Montpelier’s favorite resident country musician and singer-songwriter Mark LeGrand recently released a 17-track, nearly one hour of music, CD titled: “A Twenty Year Retrospective 1997-2017.”
Why release a retrospective when you’re hardly at the end of your career? According to LeGrand, “During this pandemic it occurred to me that this 20-year period was significant to our Vermont music community as all of the musicians and recording engineers on the album have lived here and made music in these parts and most still are. Vermont music fans will recognize the 17 talented musicians who appear on this record.
“Having played music professionally in Vermont since 1967” LeGrand said, “the sounds of old Green Mountain road houses and honky-tonks reverberate in this music.”
The album is by no means a coda to his career, but should be a welcome addition to his recorded work or an invitation to those unfamiliar with this talented performer. Unlike some country music performers, LeGrand actually has something to say.
As we wrote in review of his 2017 EP “Wrong Turn,” “Mark LeGrand is an astute observer of the effects of opiates and other drugs, and the desperation that currently afflicts much of hardworking America. ‘Wrong Turn’ is an accurate title for what he sees as the problems with society.”
The new album spans the years that LeGrand has been recording his songs, from 1997, when he got together with Spencer Lewis of Quartz Records in Bethel. That first album, “Mischievous Angel” was well received by the public. LeGrand, whose career in music began as an electric bass guitarist and singer, chose “Nothing Matters,” “When the Lights Turn Low” and “The Road Home” from that first album.
In 2002, we again heard from LeGrand on “All Dressed Up,” and he’s included “Shipwrecked Love,” “Staring in the Face of the Moon,” “Cheating Songs” and “Old ways.” Next was “Cold New England Town” from 2006, and we have “Hillbilly Hollywood” and “Mexico.” “Burn It Down” in 2014 produced “Into the Night,” “Burn it Down” and “More Hangovers than Hits.”
“Tigers Above, Tigers Below” performed with his wife Sara Munro came out in 2016, and is represented by “The Hank in Me,” “Tell Me Something” and “Doublewide.” LeGrand’s most recent album, an EP, was 2017’s “Wrong Turn,” with “Wrong Turn” and “Every Time I’m Getting Over You,” filling out the 17 tracks.
For LeGrand, this album was produced “Mainly because I wanted one disc to represent 20 years of my work. I like being a Vermont artist, and 20 years is a long time”
LeGrand is like many Vermont musicians who personally fund their projects because they don’t have a record label backing them. “The recordings on the retrospective have all been (do-it-yourself) including all production costs so these 20 years represent that part of my work.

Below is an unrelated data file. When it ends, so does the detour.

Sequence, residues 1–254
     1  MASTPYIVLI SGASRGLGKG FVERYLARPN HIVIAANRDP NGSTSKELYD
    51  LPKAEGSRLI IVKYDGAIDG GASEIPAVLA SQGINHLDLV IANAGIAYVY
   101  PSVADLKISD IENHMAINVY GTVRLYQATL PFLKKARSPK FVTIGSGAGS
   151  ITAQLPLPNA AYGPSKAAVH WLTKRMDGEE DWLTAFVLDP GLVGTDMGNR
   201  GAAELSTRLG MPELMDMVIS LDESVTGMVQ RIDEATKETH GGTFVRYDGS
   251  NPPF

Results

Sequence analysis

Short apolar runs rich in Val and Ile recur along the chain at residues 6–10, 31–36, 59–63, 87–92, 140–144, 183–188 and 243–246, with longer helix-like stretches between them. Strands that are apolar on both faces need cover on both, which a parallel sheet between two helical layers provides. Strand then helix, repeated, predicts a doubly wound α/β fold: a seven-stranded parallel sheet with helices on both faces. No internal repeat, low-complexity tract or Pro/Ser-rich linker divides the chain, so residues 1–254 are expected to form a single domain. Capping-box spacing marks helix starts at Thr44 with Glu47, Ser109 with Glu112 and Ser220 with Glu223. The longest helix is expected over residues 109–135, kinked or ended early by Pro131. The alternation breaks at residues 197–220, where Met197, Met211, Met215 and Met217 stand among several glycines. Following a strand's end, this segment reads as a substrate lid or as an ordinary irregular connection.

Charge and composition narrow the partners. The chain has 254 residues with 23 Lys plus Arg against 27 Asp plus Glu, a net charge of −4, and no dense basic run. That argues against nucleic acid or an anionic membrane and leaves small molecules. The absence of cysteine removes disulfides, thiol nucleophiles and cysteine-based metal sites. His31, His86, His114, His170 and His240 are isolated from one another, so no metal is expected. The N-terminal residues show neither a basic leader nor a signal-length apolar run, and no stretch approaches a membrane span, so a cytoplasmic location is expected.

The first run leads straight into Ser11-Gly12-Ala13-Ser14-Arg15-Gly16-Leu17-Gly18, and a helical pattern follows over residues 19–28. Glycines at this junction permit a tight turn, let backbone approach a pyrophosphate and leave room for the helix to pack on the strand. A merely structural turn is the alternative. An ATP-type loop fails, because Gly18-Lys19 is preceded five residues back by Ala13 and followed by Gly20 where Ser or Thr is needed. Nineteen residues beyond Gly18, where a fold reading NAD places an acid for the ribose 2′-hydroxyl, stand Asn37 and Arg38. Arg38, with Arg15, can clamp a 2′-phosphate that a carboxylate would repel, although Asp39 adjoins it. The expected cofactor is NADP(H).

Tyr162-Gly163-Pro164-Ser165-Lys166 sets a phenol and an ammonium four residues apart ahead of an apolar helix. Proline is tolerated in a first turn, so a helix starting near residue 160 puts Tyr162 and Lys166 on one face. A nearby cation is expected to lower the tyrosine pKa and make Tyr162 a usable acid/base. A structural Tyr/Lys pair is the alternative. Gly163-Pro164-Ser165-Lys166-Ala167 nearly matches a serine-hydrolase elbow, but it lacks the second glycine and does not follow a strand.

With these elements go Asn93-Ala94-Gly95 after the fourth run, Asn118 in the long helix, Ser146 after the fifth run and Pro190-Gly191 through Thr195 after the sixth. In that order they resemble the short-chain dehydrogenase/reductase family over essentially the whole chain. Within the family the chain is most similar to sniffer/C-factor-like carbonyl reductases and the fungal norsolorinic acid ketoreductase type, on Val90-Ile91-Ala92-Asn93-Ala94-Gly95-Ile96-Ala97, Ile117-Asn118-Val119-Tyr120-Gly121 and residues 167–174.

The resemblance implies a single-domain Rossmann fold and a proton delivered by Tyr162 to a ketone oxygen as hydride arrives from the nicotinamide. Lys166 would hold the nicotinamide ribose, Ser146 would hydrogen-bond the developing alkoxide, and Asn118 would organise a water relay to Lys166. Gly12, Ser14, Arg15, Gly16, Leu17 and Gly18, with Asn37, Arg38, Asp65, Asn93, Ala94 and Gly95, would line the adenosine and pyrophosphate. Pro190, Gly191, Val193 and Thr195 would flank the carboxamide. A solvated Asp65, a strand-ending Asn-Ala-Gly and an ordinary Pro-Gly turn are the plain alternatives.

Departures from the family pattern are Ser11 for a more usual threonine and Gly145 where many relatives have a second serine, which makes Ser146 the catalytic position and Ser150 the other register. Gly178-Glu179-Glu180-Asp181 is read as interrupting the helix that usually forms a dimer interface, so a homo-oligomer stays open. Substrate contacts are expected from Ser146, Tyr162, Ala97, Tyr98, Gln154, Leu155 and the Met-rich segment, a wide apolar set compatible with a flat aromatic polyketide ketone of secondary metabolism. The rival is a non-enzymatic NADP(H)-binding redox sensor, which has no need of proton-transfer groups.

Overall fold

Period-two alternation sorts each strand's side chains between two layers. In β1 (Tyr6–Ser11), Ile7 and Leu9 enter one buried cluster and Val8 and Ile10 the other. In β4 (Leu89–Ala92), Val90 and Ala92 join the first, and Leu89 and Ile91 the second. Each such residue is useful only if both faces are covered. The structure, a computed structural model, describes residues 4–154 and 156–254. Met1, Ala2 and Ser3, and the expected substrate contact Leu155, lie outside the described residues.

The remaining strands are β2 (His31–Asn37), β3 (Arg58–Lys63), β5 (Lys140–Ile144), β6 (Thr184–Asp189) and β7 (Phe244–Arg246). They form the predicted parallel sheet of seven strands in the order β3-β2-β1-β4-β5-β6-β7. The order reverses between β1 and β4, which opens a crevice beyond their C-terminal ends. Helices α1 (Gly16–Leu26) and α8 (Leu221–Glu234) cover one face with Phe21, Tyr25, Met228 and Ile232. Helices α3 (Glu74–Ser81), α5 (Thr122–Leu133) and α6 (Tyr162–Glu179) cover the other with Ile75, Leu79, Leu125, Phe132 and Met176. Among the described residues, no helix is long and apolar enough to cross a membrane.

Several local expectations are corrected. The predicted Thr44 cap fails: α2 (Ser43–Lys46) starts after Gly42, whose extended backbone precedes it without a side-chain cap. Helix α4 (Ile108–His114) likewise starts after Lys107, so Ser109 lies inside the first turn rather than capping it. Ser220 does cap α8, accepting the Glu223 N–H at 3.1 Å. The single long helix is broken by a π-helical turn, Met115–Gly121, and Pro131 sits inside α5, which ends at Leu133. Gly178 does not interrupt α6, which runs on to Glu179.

“I have never done a crowd fundraiser, so I have a lot invested in this work,” LeGrand said. “I see my job now as serving the songs as well as I can. They are here for a reason, and this is my life’s work regardless of any outcomes.”
According to LeGrand, “When one can pick the best songs, it makes a nice collection, not unlike a full set of music in a concert. This CD is just shy of an hour long.”
In past reviews of LeGrand’s recordings, we’ve been big boosters of his work. We said of 2002’s “All Dressed Up” and 2006’s “Cold New England Town,” and 2014’s “Burn It Down” that, “These recordings established him as an insightful lyricist, warm-voiced singer and band leader.”
LeGrand’s songs over the years represent a specific view of the world, one that was born and nurtured in New England, primarily in Vermont. Although a native of Connecticut, he has lived here since 1967. His early music career found him playing roadhouse dives along Route 22 in New York State.
We’ve always liked LeGrand’s voice, which is “as relaxed as a mint julep and is imbued with Willie Nelson overtones.”
We liked his 2017 release “Wrong Turn” which in five tracks told the story of what is happening to much of America’s disaffected middle class as they descend into drug and alcohol abuse. We’re glad he included “Every Time I’m Getting Over You,” from that EP. On that track LeGrand got into the meat of this recording, which is drug and alcohol use. In this song he sings about how poorly the protagonist deals with a love lost. The recourse is to bury his feelings in drink and drugs.
LeGrand says he’s got a new album of songs in the writing stage and hopes to record it in the near future. While he’s content to be a local performer, one who is just a regular guy and easily accessible to his audience, he has managed to write and record material that is worthy of a 20-year retrospective.
“I cherry picked these records,” he said, “to put forth a set of music in chronological order not unlike a musical performance with hopes that folks will enjoy listening and look forward to the day we can all get back to playing and listening to live music again.”